Sex and writing. I think I've always been fascinated by both. Freud was right. I definitely remember feelings that I now recognize as sexual, long before I reached puberty. I was horny before I knew what that meant. My teens and twenties I spent in a hormone-induced haze, perpetually "in love" with someone (sometimes more than one someone). I still recall the moment of enlightenment, in high school, when I realized that I could say "yes" to sexual exploration, even though society told me to say no. Despite being a shy egghead with world-class myopia who thought she was fat, I had managed to accumulate a pretty wide range of sexual experience by the time I got married. And I'm happy to report that, thanks to my husband's open mind and naughty imagination, my sexual adventures didn't end at that point! Meanwhile, I was born writing. Okay, that's a bit of an exaggeration, though according to family apocrypha, I was talking at six months. Certainly, I started writing as soon as I learned how to form the letters. I penned my first poem when I was seven. While I was in elementary school I wrote more poetry, stories, at least two plays (one about the Beatles and one about the Goldwater-Johnson presidential contest, believe it or not), and a survival manual for Martians (really). I continued to write my way through high school, college, and grad school, mostly angst-ridden poems about love and desire, although I also remember working on a ghost story/romance novel (wish I could find that now). I've written song lyrics, meeting minutes, marketing copy, software manuals, research reports, a cookbook, a self-help book, and a five hundred page dissertation. For years, I wrote erotic stories and kinky fantasies for myself and for lovers' entertainment. I never considered trying to publish my work until I picked up a copy of Portia da Costa's Black Lace classic Gemini Heat while sojourning in Istanbul. My first reaction was "Wow!". It was possibly the most arousing thing I'd ever read, intelligent, articulate, diverse and wonderfully transgressive. My second reaction was, "I'll bet I could write a book like that." I wrote the first three chapters of Raw Silk and submitted a proposal to Black Lace, almost on a lark. I was astonished when they accepted it. The book was published in April 1999, and all at once, I was an official erotic author. A lot has changed since my Black Lace days. But I still get a thrill from writing erotica. It's a never-ending challenge, trying to capture the emotional complexities of a sexual encounter. I'm far less interested in what happens to my characters' bodies than in what goes on in their heads.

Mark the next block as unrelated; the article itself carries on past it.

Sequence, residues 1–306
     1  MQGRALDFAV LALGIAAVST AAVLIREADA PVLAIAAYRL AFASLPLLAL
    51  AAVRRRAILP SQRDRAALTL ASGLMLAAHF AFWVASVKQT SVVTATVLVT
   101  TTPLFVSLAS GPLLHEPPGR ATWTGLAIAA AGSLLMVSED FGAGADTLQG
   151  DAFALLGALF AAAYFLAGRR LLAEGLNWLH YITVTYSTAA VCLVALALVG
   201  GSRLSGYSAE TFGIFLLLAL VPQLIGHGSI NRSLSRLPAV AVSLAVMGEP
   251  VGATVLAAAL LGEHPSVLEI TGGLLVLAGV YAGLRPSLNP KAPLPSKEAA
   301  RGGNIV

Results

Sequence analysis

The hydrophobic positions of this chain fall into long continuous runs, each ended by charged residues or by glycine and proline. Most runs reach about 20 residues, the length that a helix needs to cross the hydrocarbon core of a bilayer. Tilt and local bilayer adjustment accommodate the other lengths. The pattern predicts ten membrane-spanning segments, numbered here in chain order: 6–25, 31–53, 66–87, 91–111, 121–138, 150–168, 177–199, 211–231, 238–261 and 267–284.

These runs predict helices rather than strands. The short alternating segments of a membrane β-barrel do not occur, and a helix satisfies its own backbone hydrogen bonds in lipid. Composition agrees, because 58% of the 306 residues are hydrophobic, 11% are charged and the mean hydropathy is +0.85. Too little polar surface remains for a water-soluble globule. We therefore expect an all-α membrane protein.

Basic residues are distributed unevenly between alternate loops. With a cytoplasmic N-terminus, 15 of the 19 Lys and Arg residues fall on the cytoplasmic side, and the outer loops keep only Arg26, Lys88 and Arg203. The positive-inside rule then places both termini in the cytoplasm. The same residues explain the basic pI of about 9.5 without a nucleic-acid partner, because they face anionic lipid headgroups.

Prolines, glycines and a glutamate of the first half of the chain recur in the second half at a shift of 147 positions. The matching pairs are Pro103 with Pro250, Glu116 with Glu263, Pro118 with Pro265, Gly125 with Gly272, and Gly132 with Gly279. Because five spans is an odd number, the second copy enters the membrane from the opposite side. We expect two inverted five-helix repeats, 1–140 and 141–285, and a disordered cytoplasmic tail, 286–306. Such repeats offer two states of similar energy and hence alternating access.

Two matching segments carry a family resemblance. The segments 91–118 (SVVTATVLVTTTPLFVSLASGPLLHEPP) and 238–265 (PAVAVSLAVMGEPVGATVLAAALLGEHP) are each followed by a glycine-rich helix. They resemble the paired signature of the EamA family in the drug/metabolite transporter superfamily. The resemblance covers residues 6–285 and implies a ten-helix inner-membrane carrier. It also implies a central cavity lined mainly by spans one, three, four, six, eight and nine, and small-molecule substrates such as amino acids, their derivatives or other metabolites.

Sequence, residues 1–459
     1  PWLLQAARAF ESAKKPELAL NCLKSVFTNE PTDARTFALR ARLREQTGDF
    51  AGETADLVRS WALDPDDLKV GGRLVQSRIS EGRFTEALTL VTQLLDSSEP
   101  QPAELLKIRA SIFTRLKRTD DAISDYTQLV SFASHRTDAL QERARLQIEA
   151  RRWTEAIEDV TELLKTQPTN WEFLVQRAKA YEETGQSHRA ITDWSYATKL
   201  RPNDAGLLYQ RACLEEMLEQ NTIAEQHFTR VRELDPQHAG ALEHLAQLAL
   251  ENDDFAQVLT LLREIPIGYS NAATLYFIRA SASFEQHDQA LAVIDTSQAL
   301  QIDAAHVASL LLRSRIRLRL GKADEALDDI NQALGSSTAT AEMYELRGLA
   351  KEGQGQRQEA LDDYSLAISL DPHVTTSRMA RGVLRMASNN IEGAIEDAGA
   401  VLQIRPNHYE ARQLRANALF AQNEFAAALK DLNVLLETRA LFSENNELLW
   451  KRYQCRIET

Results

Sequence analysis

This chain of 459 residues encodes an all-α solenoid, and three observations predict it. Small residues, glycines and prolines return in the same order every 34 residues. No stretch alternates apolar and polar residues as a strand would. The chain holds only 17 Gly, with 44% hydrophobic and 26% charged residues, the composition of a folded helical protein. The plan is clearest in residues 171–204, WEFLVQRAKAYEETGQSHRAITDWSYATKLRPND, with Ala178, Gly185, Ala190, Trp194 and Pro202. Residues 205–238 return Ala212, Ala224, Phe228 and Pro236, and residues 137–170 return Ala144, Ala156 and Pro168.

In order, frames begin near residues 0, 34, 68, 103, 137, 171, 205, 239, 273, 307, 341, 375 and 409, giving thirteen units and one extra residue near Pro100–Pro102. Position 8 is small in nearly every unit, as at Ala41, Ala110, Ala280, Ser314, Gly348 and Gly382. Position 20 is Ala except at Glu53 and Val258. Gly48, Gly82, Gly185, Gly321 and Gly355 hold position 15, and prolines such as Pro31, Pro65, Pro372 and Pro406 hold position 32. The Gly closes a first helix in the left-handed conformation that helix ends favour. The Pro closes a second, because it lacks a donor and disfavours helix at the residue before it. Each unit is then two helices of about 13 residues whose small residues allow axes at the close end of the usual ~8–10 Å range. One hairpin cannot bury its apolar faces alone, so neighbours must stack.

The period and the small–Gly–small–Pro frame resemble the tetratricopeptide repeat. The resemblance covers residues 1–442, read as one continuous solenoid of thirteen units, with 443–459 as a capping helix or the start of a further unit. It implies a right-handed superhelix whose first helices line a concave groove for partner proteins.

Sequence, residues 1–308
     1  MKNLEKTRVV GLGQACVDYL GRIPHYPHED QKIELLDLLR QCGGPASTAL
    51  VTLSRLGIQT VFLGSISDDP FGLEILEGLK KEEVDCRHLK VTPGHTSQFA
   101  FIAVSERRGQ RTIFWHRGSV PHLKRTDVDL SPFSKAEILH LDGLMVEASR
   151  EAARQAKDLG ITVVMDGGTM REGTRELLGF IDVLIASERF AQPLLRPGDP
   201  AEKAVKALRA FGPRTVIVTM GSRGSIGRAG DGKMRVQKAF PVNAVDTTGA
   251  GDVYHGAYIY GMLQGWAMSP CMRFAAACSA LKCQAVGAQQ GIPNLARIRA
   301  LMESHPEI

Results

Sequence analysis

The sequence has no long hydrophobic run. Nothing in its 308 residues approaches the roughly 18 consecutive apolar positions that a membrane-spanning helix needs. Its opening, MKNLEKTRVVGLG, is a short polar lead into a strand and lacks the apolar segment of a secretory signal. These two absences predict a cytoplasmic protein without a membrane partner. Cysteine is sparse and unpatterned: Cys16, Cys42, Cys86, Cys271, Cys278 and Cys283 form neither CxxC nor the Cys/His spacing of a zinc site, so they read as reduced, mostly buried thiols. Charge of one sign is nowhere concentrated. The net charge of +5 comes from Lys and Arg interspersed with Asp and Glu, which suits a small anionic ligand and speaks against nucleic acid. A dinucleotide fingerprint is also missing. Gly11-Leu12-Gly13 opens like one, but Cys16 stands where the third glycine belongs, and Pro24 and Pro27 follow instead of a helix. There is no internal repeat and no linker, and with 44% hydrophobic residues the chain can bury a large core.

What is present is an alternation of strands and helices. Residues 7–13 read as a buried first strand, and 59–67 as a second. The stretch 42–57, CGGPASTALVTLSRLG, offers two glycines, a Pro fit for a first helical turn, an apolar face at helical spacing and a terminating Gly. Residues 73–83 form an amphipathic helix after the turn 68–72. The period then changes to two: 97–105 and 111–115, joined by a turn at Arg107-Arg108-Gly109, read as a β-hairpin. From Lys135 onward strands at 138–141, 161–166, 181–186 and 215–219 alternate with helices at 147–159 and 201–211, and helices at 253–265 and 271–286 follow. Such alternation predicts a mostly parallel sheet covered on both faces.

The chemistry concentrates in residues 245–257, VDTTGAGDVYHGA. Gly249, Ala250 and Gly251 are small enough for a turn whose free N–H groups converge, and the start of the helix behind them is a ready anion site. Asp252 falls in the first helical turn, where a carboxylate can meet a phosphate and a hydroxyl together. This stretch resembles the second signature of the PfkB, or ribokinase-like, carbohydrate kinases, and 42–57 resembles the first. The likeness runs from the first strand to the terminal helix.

1. Donna